Why do religious and political ideologies sometimes produce social and political conflict and other times co-mingle peacefully? The answer must consider both the content of competing ideologies along with the socio-political interests of their believers. In this case study of ideological competition in Central Asia, I show how both philosophical and material concerns explain why many Muslims, while openly retaining their religious-ethnic identity, became active members of an atheistic Community Party. This phenomenon did not occur amongst Christians who necessarily discarded, at least publicly, their religious identities when becoming Communists. So while religious and political conflict openly occurred in Communist societies which were predominantly Christian, many Muslims were able to accommodate their religious convictions with Soviet Communism. In the end, the creation of “Muslim Atheists” depended on not only socio-economic differences between Muslim and Christian societies but also theological differences between Muslim and Christian religions.
What is the impact of three decades of neoliberal narratives and policies on communities and individual lives? What are the sources of social resilience? This book offers a sweeping assessment of the effects of neoliberalism, the dominant feature of our times. It analyzes the ideology in unusually wide-ranging terms as a movement that not only opened markets but also introduced new logics into social life, integrating macro-level analyses of the ways in which neoliberal narratives made their way into international policy regimes with micro-level analyses of the ways in which individuals responded to the challenges of the neoliberal era. The book introduces the concept of social resilience and explores how communities, social groups, and nations sustain their well-being in the face of such challenges. The product of ten years of collaboration among a distinguished group of scholars, it integrates institutional and cultural analysis in new ways to understand neoliberalism as a syncretic social process and to explore the sources of social resilience across communities in the developed and developing worlds.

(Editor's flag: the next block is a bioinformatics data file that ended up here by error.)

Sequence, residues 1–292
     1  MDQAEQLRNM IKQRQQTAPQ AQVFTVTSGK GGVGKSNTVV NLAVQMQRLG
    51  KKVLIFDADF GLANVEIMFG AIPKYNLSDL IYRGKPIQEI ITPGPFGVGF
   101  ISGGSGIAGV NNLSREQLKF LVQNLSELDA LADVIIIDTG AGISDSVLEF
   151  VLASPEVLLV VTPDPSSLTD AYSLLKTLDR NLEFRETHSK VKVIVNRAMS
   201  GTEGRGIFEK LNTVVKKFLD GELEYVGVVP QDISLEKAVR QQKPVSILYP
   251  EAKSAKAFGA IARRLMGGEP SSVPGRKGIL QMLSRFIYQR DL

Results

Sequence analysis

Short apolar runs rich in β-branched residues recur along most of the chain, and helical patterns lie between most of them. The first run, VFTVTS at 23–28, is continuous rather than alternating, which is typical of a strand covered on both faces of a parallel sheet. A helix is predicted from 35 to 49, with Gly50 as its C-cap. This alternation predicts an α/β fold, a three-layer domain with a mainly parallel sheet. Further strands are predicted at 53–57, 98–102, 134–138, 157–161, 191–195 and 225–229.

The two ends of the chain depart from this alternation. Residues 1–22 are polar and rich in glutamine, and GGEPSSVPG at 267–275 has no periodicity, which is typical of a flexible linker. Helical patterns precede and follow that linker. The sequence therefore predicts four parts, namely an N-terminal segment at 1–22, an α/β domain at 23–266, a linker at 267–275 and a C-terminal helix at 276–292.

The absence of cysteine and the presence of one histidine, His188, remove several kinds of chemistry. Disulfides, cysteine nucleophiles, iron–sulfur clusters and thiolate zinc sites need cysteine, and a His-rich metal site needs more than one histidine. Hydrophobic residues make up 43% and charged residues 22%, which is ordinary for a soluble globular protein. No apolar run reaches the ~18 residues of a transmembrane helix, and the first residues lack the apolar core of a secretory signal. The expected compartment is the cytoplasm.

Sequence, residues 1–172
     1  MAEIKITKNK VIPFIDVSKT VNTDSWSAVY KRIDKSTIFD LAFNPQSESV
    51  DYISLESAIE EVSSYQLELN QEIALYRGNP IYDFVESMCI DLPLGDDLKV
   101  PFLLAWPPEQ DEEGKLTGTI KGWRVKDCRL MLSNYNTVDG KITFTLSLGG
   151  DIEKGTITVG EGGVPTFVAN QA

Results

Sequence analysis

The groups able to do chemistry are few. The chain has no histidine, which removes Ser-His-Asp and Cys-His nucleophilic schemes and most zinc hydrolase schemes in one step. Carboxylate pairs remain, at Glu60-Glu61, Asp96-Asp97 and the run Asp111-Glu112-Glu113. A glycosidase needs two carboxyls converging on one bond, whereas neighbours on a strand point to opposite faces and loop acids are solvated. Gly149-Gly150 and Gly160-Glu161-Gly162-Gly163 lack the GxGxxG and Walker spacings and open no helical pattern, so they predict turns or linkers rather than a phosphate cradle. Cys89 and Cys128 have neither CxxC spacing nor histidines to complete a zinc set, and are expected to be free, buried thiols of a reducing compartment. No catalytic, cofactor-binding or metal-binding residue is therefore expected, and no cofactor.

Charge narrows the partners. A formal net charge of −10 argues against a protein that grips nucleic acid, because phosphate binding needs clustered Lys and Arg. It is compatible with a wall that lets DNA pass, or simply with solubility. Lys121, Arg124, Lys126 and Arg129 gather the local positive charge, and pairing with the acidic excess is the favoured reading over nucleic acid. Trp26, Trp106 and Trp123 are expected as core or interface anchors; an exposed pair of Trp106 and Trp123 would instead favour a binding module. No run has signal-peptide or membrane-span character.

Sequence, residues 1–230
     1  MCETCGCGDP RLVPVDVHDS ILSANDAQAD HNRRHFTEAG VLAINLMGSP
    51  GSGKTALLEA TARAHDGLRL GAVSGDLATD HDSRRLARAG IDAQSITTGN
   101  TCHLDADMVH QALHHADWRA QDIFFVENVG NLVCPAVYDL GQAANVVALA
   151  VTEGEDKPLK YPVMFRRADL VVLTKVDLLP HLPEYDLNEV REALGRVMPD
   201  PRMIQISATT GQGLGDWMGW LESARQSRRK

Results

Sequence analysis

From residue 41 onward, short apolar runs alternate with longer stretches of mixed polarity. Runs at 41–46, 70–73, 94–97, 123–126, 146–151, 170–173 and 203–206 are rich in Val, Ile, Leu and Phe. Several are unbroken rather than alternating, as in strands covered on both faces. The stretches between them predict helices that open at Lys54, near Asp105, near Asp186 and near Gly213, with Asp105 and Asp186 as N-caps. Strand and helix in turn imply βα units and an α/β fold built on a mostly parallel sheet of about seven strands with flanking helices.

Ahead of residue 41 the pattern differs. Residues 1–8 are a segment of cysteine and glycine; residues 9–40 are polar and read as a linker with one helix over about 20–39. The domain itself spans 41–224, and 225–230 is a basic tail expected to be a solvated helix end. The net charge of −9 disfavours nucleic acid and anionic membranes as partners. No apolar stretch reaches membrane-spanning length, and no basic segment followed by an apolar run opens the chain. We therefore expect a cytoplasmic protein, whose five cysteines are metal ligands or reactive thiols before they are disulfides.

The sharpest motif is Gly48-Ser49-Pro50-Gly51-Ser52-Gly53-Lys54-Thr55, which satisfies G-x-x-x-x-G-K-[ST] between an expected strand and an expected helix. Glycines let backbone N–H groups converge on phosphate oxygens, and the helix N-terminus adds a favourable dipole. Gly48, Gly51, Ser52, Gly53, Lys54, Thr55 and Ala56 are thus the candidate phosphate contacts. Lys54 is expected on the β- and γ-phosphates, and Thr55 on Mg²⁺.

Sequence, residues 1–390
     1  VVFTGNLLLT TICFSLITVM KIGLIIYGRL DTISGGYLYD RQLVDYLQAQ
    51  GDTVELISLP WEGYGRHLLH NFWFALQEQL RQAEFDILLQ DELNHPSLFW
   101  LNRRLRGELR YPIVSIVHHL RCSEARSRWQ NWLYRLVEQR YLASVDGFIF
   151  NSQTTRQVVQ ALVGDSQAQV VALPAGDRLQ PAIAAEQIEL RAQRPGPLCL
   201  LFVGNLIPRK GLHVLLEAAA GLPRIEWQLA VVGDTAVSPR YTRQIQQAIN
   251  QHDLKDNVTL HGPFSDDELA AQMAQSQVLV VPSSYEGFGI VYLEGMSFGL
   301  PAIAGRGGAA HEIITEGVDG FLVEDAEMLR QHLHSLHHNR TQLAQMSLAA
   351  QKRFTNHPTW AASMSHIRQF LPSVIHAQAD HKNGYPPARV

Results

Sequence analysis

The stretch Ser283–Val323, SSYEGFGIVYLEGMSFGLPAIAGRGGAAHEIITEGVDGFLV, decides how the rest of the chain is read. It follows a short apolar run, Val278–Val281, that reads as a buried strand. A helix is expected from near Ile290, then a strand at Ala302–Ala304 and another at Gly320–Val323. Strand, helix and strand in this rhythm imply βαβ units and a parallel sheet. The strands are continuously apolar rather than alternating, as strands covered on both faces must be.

Media outlets in multiparty electoral systems tend to report on a wider range of policy issues than media in two-party systems. They thus make more competing policy frames available to citizens. This suggests that a “free press” is insufficient to hold governments accountable. Rather, we should observe more challenges to the governments’ preferred frames and more politically aware citizens in multiparty democracies. Such citizens should thus be better equipped to hold their leaders accountable, relative to their counterparts in two-party democracies. I propose a mechanism through which democratic publics can sometimes constrain their leaders in foreign policy. I test hypotheses derived from my theory with cross-national data on the content of news coverage of Iraq, on public support for the war, and on decisions to contribute troops to the Iraq “Coalition of the Willing.” I find that citizens in countries with larger numbers of parties confronted more critical and diverse coverage of Iraq, while those with more widespread access to mass media were more likely to oppose the war and their nations likely to contribute fewer troops to the Coalition.